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ease from Vermont to Miami has nothing to say about the
consequences of Vermont acquiring Miami's climate.
"Reasoning from the experience of past adaptations is risky
given that in the past societies could usually expect that climate
fifty years hence would be reasonably like that of the present.
This will probably not be the case during a greenhouse warming,
because of the difficulties of forecasting regional impacts, the
rate of expected change, and because we may be operating under
conditions with which mankind has no past experience.
"Finally, it may be strictly accurate that 'pluses and minuses'
will combine to produce 'small net change for a nation of our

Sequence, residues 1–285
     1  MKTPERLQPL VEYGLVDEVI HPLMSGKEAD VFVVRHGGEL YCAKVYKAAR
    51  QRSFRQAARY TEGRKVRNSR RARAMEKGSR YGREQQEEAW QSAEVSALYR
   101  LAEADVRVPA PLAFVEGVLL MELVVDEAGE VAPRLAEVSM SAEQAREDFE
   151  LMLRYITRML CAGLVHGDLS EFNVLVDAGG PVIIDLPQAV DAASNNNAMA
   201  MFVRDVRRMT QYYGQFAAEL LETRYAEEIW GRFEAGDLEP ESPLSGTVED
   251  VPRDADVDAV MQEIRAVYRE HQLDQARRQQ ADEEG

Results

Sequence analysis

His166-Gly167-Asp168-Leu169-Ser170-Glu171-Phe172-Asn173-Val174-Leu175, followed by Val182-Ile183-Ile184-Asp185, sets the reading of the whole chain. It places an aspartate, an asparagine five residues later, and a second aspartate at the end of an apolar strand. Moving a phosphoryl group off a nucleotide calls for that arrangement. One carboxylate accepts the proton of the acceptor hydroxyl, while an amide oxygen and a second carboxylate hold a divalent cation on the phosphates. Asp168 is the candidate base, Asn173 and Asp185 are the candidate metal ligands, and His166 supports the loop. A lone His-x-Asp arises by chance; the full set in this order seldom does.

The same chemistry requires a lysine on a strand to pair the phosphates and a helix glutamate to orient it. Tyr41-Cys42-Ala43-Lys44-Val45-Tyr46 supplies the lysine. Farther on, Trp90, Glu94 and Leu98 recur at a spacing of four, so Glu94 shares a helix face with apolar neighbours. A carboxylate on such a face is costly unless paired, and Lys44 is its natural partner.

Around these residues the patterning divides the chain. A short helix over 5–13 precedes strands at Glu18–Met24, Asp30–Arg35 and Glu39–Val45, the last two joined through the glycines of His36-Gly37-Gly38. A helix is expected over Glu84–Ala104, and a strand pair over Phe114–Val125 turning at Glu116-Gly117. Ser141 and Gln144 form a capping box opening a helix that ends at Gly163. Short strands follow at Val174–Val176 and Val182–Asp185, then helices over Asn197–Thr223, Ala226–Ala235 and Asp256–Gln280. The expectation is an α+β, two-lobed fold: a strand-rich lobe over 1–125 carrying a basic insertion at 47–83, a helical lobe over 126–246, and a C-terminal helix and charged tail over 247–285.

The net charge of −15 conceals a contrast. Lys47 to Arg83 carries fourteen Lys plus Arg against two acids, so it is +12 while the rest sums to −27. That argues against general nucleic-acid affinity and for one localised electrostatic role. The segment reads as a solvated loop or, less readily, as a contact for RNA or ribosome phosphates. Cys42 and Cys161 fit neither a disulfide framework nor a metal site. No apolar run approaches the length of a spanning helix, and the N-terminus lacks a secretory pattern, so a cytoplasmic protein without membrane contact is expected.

size.' But the distribution of impacts in time and space matters
more than this treatment suggests. Costs that are indisputably
enormous (including human suffering) begin to appear deceptively
manageable when viewed solely from the perspective of their impacts
on a multitrillion dollar economy. For example, in the case of
cities, the study finds that while 'adaptation might be costly, the
costs would in most cases be lower than the cost of moving the